Why did the “cyclically excessive deficits” of the late-1960’s and 1970’s tend to be inflationary? Well, there are only two ways to finance a deficit: either Treasury bonds are sold to the public, or Treasury bonds are sold to the Federal Reserve, which effectively creates money to pay for them. In either case, there is an increase in the quantity of government liabilities that has to be held by the public. Treasury bonds and currency compete in the portfolios of investors, so not surprisingly, there’s a 70% correlation between Treasury yields (both long-term and short-term) and core inflation. When the issuance of government liabilities is excessive, all government liabilities tend to lose value simultaneously.

Be careful not to assume that there is some reliable linear relationship between government deficits and subsequent inflation. There isn’t. Inflation has an enormous psychological component. The central point is that there is far greater risk of destabilizing public expectations about the soundness of government liabilities when deficits move well beyond the level that would be appropriate, given the position of the economy in its cycle. That’s a risk that investors seem to be wholly ignoring here.

As Nobel economist (and my former dissertation advisor) Thomas Sargent wrote in the midst of the 1970’s inflation: “People expect high rates of inflation in the future precisely because the government’s current and future monetary and fiscal policies warrant those expectations… it is actually the long-term government policy of persistently running large deficits and creating money at high rates which imparts the momentum to the inflation rate.” Likewise, Sargent argues that stopping an inflation, once underway, requires “a change in the policy regime: there must be an abrupt change in continuing government policy, or strategy, for setting deficits now and in the future that is sufficiently binding as to be widely believed.” That’s what Volcker did.

Because inflation is so dependent on psychology – particularly destabilized expectations – it turns out that the best indicator of future inflation isn’t unemployment, money growth, or deficit spending, but the rate of inflation itself. Just like a Ponzi scheme, and just like a hypervalued market, nobody actually cares about what’s happening underneath until it’s too late. Instead, everyone is content with the pleasant outcomes they see on paper until the instant their common whistle-past-the-graveyard psychology is destabilized. Only then do they run for the exits.

When the issuance of government liabilities is excessive, all government liabilities tend to lose value simultaneously. There is far greater risk of destabilizing public expectations about the soundness of government liabilities when deficits move well beyond the level that would be appropriate, given the position of the economy in its cycle. That’s a risk that investors seem to be wholly ignoring here.

We can’t reliably project accelerating inflation in the years ahead – spend some time with historical data, and you’ll find that inflation just doesn’t have a clear linear relationship with any of the things that are usually used to explain it. What we can say is that the present “cyclically excessive deficit” creates a substantially increased risk of destabilized public expectations about fiscal discipline and monetary soundness in the coming years. Accordingly, it will remain important to attend to various inflation measures, including interest rate spreads, commodity prices, and inflation-sensitive securities.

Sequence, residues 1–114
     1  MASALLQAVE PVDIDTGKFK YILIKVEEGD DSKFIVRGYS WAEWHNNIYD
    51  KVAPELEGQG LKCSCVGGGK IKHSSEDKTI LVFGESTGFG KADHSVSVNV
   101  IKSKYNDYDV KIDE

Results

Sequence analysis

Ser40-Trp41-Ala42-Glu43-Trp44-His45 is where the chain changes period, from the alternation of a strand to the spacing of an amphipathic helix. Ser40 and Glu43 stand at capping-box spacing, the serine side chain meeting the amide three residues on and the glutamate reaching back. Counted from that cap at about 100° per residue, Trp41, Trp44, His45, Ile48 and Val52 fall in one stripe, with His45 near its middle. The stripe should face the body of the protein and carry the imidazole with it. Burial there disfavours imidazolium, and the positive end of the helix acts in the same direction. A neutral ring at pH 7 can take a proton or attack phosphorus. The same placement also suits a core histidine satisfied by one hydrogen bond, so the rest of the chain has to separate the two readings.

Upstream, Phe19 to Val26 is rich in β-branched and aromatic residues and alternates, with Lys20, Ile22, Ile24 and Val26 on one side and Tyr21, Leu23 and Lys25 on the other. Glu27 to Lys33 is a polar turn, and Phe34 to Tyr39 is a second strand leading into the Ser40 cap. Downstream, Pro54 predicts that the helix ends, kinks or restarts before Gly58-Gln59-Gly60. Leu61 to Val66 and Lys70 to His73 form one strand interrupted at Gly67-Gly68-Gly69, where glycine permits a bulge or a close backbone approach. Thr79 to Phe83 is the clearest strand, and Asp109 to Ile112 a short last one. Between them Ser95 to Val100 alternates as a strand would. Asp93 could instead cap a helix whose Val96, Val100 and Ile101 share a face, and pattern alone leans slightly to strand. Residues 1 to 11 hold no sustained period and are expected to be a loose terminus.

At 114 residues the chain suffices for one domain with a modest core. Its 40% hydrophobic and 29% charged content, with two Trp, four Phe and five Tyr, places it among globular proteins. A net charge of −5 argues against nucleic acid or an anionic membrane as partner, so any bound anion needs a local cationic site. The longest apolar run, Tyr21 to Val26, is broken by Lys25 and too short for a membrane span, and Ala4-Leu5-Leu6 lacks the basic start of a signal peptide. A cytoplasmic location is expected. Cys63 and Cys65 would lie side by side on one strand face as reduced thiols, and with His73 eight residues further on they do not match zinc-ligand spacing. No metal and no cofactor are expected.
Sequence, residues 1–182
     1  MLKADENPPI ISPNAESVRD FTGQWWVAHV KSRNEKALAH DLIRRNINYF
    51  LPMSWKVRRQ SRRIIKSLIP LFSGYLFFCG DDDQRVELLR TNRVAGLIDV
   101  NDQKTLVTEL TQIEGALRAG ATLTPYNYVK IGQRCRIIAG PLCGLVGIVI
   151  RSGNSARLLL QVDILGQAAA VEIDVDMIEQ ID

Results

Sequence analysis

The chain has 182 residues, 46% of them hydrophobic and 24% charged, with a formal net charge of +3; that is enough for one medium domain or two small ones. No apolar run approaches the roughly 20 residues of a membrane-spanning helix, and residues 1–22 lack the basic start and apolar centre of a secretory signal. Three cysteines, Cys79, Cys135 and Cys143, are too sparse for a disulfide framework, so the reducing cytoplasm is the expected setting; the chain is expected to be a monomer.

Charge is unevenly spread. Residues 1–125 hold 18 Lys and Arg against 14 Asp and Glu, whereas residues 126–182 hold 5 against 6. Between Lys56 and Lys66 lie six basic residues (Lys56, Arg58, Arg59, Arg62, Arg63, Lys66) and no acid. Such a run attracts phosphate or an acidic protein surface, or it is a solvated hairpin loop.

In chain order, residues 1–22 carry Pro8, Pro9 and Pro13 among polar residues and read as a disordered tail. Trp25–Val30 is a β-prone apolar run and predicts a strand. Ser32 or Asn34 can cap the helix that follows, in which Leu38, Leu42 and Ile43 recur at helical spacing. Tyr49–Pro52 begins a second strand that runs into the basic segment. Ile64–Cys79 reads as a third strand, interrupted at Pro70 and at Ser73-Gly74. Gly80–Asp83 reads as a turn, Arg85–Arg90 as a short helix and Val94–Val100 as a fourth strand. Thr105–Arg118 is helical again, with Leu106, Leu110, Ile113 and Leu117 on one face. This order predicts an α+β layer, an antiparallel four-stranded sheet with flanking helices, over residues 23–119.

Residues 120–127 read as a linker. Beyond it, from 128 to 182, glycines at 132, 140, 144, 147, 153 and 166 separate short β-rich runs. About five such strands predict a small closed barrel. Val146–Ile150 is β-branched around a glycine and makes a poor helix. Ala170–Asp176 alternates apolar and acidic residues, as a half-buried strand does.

My impression is that this recent Business Week magazine cover about a New Era is much like the 1979 “Death of Equities” cover – more a reflection of confidence in a decade of past experience than an indication of future prospects.

Business Week Cover - Is Inflation Dead? - April 2019

Keep Me Informed

Please enter your email address to be notified of new content, including market commentary and special updates.

Thank you for your interest in the Hussman Funds.

100% Spam-free. No list sharing. No solicitations. Opt-out anytime with one click.

By submitting this form, you consent to receive news and commentary, at no cost, from Hussman Strategic Advisors, News & Commentary, Cincinnati OH, 45246. You can revoke your consent to receive emails at any time by clicking the unsubscribe link at the bottom of every email. Emails are serviced by Constant Contact.

The foregoing comments represent the general investment analysis and economic views of the Advisor, and are provided solely for the purpose of information, instruction and discourse.

Prospectuses for the Hussman Strategic Growth Fund, the Hussman Strategic Total Return Fund, the Hussman Strategic International Fund, and the Hussman Strategic Dividend Value Fund, as well as Fund reports and other information, are available by clicking “The Funds” menu button from any page of this website.

Estimates of prospective return and risk for equities, bonds, and other financial markets are forward-looking statements based the analysis and reasonable beliefs of Hussman Strategic Advisors. They are not a guarantee of future performance, and are not indicative of the prospective returns of any of the Hussman Funds. Actual returns may differ substantially from the estimates provided. Estimates of prospective long-term returns for the S&P 500 reflect our standard valuation methodology, focusing on the relationship between current market prices and earnings, dividends and other fundamentals, adjusted for variability over the economic cycle.

Back To Top